Right now, it’s easy to understand the frustration of Kansas City Royals fans (though I do think many Royals fans are being a TAD dramatic…I mean, we’re still early in the year after all).
The Royals are currently 9-17 after dropping two out of three against the Baltimore Orioles, who somehow are NOT in last place in the AL East (that honor belongs to the Red Sox). Alex Duvall of Royals Farm Report did Tweet an interesting projection stat after the Baltimore series loss, which of course, has brought out the best, and worst, of Royals fans on Twitter:
Granted, I have harped about staying positive with this Royals team before on this blog and on other Royals content forums (including the Royals Rundown Podcast with Jacob Milham) even in the midst of this tough stretch.
After all, I really do not think the Royals are as bad as their 9-17 record indicates. In addition, the AL Central is a division where the Royals can make up a lot of games, should things break right (it is likely only one team will emerge with a winning record by season’s end, much like last year).
That being said, while I will continue to believe and watch this team (and by “believe”, I mean I believe that they will be a 73-77 win team), we are reaching a point in a couple of weeks where some changes need to be made, especially on a roster end. Royals fans are not necessarily mad that the club is losing (or at least the ones that really follow the club, and not the ones who just follow in between Chiefs football and Jayhawks basketball season). It was expected that the Royals would still be a year away from truly being a .500 team, especially after a 74-88 season in 2022.
On the other end, the Royals need to show that there is some hope on the horizon for 2023 and beyond. While Bobby Witt, Jr., Edward Olivares, and Daniel Lynch have provided that on occasion, there are still a lot of veterans with questionable futures who are not exactly getting Royals fans “excited” about the future of this organization.
In a series of posts, I will take a look at a few different moves that the Royals should make before the start of June.
And in this particular post, I take a look at why demoting Kris Bubic to Triple-A Omaha and calling up Jon Heasley would be the right move for this Royals rotation both in the short and long-term.
Why Should the Royals Demote Bubic to Omaha?
After a disastrous start against the Cardinals where Bubic didn’t get out of the first inning (the second time this has happened this year), the Royals announced that Bubic would be moved out of the rotation and to the bullpen for the time being.
I can understand the Royals’ thinking in moving him to the bullpen to help him get out of this funk. He started 2021 in the bullpen after a rough Cactus League campaign last Spring and did okay in the role, as he posted a 3.08 in 26.1 innings of work out of the Royals bullpen, according to Fangraphs splits.
However, many of Bubic’s advanced metrics suggest that Bubic may not have been as good as his reliever stats from 2021 indicated.
Bubic actually posted a lower K/BB ratio as a reliever (1.47) than as a starter (2.09). In addition, his xFIP of 5.06 was 62 points than his xFIP as a starter (4.44), and he lucked out as a reliever on a BABIP end, as his reliever BABIP (.264) was 20 points lower than his starter BABIP (.284).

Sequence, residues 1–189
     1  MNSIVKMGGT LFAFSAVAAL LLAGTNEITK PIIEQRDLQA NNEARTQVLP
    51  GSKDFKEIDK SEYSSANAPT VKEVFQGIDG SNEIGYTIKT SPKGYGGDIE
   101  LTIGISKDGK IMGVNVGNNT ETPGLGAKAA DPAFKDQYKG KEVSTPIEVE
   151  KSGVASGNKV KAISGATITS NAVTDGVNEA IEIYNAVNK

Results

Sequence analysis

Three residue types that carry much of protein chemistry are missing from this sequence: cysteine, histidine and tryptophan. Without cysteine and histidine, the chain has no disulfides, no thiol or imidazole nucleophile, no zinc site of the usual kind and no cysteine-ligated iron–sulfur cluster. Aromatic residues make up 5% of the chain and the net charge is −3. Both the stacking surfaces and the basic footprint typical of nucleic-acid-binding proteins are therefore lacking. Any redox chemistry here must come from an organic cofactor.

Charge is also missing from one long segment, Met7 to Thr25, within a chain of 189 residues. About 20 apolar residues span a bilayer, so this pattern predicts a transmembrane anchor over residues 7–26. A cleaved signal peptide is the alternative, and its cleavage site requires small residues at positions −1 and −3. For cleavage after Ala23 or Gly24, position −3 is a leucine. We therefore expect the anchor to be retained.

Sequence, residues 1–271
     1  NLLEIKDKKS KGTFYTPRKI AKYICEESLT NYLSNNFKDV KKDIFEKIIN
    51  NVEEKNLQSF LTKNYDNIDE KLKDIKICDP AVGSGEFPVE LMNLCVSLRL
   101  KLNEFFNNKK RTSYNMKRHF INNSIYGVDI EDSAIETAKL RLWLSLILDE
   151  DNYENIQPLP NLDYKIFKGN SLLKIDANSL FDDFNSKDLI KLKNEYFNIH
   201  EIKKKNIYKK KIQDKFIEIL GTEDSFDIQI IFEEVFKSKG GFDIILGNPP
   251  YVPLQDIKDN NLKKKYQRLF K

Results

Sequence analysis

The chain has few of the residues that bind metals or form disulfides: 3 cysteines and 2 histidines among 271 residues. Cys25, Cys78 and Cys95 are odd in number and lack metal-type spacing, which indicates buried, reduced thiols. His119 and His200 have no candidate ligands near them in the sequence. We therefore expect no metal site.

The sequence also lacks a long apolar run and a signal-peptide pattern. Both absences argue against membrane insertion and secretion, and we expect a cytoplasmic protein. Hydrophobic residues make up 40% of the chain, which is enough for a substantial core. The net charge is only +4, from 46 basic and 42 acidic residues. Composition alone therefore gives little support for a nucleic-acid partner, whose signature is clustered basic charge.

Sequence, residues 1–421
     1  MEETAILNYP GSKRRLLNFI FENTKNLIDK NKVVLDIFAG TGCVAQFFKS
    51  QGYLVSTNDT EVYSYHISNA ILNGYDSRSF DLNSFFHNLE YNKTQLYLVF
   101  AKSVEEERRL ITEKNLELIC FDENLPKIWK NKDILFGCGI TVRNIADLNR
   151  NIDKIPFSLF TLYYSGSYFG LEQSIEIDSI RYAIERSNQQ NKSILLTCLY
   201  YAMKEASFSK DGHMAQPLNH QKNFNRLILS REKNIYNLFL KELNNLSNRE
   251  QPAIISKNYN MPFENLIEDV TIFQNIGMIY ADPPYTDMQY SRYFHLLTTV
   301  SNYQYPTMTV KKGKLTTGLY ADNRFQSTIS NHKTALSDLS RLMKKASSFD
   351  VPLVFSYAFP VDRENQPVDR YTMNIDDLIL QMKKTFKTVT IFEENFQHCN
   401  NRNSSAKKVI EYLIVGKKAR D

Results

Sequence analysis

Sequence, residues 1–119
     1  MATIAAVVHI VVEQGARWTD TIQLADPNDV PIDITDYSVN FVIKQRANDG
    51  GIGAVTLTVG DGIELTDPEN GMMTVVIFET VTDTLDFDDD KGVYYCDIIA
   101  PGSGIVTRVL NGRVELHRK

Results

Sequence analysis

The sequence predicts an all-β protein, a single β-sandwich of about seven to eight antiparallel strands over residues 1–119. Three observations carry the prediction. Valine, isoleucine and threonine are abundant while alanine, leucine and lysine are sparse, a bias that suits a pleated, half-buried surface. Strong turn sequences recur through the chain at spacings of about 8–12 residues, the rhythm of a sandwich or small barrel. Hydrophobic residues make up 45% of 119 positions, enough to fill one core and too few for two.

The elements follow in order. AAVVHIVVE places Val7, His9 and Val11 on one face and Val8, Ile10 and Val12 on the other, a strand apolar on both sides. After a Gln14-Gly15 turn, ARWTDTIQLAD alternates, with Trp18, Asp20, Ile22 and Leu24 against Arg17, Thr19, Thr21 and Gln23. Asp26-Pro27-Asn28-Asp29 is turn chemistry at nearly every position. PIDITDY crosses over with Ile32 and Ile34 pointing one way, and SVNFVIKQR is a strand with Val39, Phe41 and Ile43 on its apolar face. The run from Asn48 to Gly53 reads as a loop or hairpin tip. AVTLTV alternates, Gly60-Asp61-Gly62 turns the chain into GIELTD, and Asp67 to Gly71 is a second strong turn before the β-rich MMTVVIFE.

Therefore, a move to the bullpen might not actually solve Bubic’s woes at the Major League level.
A priority for Bubic should be to take some time to build up his four-seam fastball in his outings, as his fastball has looked lackluster in a variety of metrics.
Here’s a look at his four-seam run value data over the past three seasons via Baseball Savant, and notice how bad his four-seamer has been this season in comparison to 2021 and 2020.
A big contributor to that high run value, batting average, and slugging against his four-seamer can be tied to how much velocity Bubic has gotten behind his four-seamer in his outings this year.
According to Statcast data, the harder Bubic has thrown his four-seamer, the less “productive” contact hitters have made against the pitch. In the table below, notice in the highlighted area how all extra-base hits accumulated against Bubic this year on the four-seamer has come on pitches under 91 MPH.
As Royals fans can see, anytime Bubic threw the four-seamer over 91 MPH, base hits were merely singles. On four-seamers that clocked in under 91 MPH, eight of those nine pitches that went for base hits went for extra bases in the process.
Here’s an example of Bubic throwing a four-seamer at 92.9 MPH to Seattle’s Ty France, who hits the ball up the middle and just out of the reach of second baseman Nicky Lopez:
On the flip side, let’s take a look at a four-seamer that Bubic throws at 90.5 MPH against St. Louis’ Nolan Arenado on May 4th:
Groundball hits like the one Bubic gave up to France are part of the game, and they don’t hurt that bad (it’s when they’re compounded with walks when it becomes a problem, which has been the case with Bubic).
However, four-seamers served up as the one to Arenado are going to not just sink this Royals quickly (especially considering their offensive inconsistency), but also Bubic’s prospects at the Major League level.
What’s interesting is that Bubic has seen his four-seamer increase in velocity the deeper he goes into a game. That is evident in the pitch velocity chart from his last decent performance, which came on April 29th at Kauffman Stadium against the New York Yankees.
Notice in the graph below how his four-seam velocity spikes up as he throws deeper into the game:
Bubic still has the potential to be a decent starter at the Major League level, especially with a changeup that is generating a K and whiff rate of 23.5 percent this season. On the other hand, he needs to be able to get more ramped up with his four-seamer to begin his outings, for his failure to do so has contributed to awful starts against Cleveland and St. Louis where he failed to get out of the first inning.